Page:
Jacksonville Daily Progress
The letter to the Editor criticizing the steps being taken by the Appraisal District to verify whether or not owners of 11 acres or less are making legitimate use of their ag exemption exudes naïvete, disingenuousness, ignorance and a failure to understand economics.
The Appraisal District is not cracking down on anybody; the Appraisal District is doing its job. The purpose of an ag exemption is to cut taxation slack on those who use their land for the agricultural benefit of the citizens of the state. If they did not have the exemption the extra taxes paid would simply be passed on to the consumer.
For every economic action there is an equal and opposite reaction. I once had a man in my office, who was over 65, telling me he felt he should get more of a tax break due to his age and change in income circumstances.
Using economics I made it clear to him that, if we reduced his taxes, somebody else would have to make up the difference: those under 65. The three county taxing categories, i.e., the county, the cities and the school districts, come up with an operating budget every year.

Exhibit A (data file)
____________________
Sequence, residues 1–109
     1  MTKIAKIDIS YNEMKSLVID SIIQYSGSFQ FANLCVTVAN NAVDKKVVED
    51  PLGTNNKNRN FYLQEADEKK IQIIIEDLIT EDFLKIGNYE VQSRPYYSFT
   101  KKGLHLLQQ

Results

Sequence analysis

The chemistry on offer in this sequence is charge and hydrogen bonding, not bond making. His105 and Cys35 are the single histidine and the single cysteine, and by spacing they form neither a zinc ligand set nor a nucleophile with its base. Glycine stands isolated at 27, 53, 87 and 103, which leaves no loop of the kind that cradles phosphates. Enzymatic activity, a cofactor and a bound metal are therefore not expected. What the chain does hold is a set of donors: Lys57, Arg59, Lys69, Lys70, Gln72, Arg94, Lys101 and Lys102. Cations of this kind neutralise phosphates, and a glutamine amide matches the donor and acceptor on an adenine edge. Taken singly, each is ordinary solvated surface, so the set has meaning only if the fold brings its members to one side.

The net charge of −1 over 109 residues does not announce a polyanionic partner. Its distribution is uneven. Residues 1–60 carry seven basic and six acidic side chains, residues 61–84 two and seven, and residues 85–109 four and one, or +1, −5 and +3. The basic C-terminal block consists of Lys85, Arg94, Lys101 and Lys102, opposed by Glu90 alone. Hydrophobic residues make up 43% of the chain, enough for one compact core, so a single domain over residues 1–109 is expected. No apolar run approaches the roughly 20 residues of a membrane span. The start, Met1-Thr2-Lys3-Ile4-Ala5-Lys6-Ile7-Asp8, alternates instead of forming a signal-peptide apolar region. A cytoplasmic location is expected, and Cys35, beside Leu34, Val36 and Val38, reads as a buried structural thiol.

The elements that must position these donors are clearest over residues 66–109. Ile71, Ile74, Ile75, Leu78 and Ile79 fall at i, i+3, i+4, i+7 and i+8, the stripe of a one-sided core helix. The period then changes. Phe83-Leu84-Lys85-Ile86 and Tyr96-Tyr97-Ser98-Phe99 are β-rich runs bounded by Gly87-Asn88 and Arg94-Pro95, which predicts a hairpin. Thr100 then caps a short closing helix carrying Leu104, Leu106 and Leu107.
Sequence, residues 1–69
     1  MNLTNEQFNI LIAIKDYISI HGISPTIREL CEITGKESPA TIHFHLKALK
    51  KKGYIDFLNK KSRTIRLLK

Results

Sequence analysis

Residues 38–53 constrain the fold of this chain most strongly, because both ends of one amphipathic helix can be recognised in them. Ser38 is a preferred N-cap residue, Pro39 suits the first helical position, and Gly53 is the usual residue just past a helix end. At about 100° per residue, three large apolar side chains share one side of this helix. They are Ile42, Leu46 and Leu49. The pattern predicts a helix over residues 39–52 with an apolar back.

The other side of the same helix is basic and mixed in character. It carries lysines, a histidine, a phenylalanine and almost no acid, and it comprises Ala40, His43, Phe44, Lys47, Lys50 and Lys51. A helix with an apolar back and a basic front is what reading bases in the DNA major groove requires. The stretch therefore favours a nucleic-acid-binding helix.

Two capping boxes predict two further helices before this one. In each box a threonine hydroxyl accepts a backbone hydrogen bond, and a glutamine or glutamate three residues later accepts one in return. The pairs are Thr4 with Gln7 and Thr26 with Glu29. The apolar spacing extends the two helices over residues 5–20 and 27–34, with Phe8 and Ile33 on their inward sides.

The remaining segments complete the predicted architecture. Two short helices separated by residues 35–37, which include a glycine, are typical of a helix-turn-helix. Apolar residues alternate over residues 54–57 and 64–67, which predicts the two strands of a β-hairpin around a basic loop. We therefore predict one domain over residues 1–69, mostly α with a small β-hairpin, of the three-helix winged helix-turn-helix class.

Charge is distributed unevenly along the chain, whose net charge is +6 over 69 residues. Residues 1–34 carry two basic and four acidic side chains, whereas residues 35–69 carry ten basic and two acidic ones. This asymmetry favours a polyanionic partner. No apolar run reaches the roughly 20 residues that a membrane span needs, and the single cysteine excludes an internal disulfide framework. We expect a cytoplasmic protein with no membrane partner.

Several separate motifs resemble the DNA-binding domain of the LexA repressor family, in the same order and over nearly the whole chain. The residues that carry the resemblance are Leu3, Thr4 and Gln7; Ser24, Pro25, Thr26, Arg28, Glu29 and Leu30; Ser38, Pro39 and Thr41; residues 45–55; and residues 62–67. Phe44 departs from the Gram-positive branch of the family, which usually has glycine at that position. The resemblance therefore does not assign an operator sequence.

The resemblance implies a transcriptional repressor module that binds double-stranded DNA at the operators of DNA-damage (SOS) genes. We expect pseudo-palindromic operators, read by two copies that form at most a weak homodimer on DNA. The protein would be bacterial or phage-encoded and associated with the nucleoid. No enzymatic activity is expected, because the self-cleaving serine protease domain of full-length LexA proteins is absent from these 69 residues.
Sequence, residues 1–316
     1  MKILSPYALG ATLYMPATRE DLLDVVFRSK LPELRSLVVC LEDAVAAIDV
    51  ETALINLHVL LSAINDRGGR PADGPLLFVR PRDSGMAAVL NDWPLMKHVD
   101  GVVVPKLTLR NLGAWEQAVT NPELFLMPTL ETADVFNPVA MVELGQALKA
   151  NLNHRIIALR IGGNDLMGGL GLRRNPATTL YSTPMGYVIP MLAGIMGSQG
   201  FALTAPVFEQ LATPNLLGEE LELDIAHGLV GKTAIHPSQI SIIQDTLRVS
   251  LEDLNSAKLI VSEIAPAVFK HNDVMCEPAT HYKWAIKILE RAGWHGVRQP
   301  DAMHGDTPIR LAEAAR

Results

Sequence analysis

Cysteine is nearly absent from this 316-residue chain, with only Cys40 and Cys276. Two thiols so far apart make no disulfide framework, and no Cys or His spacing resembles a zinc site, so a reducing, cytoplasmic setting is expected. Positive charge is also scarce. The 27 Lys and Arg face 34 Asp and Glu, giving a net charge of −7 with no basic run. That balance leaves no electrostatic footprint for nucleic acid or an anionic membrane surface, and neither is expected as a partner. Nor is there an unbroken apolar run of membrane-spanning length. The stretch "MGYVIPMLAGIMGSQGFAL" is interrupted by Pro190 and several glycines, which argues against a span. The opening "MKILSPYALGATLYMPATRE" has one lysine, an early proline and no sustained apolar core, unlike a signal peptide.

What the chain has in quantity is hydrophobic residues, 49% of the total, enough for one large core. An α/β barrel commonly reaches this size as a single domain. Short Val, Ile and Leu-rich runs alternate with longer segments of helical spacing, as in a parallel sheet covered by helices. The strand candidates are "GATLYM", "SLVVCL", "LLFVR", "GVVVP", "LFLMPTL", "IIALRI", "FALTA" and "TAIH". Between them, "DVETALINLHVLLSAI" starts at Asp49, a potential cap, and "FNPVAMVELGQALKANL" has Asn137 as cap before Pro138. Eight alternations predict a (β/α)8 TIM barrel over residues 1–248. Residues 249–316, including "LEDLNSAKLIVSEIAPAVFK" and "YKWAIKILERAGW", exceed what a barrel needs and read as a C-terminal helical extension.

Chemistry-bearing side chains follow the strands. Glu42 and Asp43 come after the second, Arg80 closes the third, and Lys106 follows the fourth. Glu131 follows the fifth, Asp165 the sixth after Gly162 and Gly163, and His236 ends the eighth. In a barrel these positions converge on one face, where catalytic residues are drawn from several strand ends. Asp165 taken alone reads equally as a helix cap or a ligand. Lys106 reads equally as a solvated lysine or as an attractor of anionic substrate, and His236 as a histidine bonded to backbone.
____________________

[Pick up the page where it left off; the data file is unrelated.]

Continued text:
Fluctuating property values and those budgets determine the tax rates. The money has to come from somewhere. If you reduce taxes for one guy you are going to have to raise them on another (action–reaction). I have been in the real estate business for 25 years and have seen numerous examples of individuals claiming exemptions to which they were not entitled, e.g., claiming more than one homestead exemption, claiming an ag exemption when no agricultural work was even being performed.
Since the letters went out I have had two past customers come in and ask if they could take the exemption. One could and one couldn't; one was grazing animals and the other had a shaggy patch of woods that had no timber management plan.
It was no big deal for me to help the one who qualified fill out his form. If a person does not have the money to handle his exemption details, I doubt he has the money to be doing what is necessary to have an ag exemption.
The question was asked: "....what else are you going to do with your rural land in East Texas besides graze it, hunt it or sell timber off it?" In my case I do none of that with my eight acres. It is beautiful pasture that I mow two or three times a year just so I can enjoy how it looks. I get to relax my mind when I am on my tractor.
Full disclosure, in the past I have served on the Board of Directors of the Cherokee County Appraisal District. More to come.